Martin is played by an extraordinary Colombian actor, Manolo Cardona, who also serves as the film’s co-producer. Cardona delivers what is arguably one of the most sympathetic portrayals of a gangster that I’ve ever witnessed. From the beginning, there is a youthful innocence about Martin that is never dismantled by his line of work. Martin’s goals of marrying the woman of his dreams and paving a great life for the two of them are noble and inspiring despite his gruesome trade. All of the acting is very strong for the most part in The Snitch Cartel, but Cardona rises above his peers just a few inches more. You feel the weight of this story on his shoulders, and he carries it with wonderful grace. Cardona is far worthier than the cliché narrative he finds himself in, whose rags to riches, empire-building arc makes too many obvious parallels to Brian De Palma’s Scarface. I realize the film is based on a true story, but Hollywood conventions aren’t always necessary to springboard a biographical tale of one man’s arduous life. The romance element in this film seems forced, made worse by the fact that Sofia is a rather unlikable character, whose whiny nature is so not worth the fight. This isn’t the fault of actress Juana Acosta, because she does exactly what is asked of her by Director Carlos Moreno. The problem is that Sofia seems like a character plucked straight out of a telenovela, high shrieks and physically abusive temper in full swing. Just once, can somebody leave this hot-tempered Latina stereotype in the dust?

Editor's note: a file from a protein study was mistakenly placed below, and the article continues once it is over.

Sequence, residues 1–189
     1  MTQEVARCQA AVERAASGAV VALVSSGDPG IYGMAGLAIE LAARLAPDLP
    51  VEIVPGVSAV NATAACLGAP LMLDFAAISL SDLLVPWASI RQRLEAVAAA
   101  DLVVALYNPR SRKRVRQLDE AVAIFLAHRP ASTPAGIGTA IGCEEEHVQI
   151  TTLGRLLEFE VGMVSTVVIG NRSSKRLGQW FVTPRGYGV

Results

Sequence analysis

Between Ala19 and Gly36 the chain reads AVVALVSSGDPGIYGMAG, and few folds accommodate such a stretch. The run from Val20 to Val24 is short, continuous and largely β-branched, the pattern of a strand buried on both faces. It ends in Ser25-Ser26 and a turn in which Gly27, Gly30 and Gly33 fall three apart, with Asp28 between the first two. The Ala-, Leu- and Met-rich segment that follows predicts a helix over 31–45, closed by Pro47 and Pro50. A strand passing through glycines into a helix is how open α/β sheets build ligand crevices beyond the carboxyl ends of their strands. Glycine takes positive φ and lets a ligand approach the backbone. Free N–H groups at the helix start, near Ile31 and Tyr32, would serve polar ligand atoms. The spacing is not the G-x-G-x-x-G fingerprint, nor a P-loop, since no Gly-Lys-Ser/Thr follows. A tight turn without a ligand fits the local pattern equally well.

The action scenes are very well choreographed, with wonderful edits and pulpy gore that would thrill even the most highbrow action buffs. It feels odd to glorify the violence in a film that wants to speak so heavily against it, but lo and behold, that is The Snitch Cartel’s greatest contradiction. It’s very easy to find yourself nodding off during the slower moments in the film, moments that should be great because they allow room for character development, but these segments don’t play nearly as well as the action ones do. Stylistically, this is one of the most impressive international action movies I’ve seen of late, The Raid: Redemption excluded. While Cuba’s Juan of the Dead is an arguably better film, the craft here is much stronger thanks to Moreno’s adept directorial hand. One of the other noticeable gaffs in the film is that the “snitch” portion doesn’t come around until well past the halfway mark. The film is essentially Scarface: The Remake (although Martin is an angel compared to Pacino’s Tony Montana) until Martin’s best friend and Cartel associate, Pepe Cadena (Diego Cadavid), becomes an insufferable tyrant following the assassination of his kingpin brother. With tensions at an all-time high and Martin’s feelings of uncertainty within the cartel pecking order, Martin decides to jump ship and become a snitch for the DEA during an opportune moment in Mexico, the country where Martin oversees cartel activity.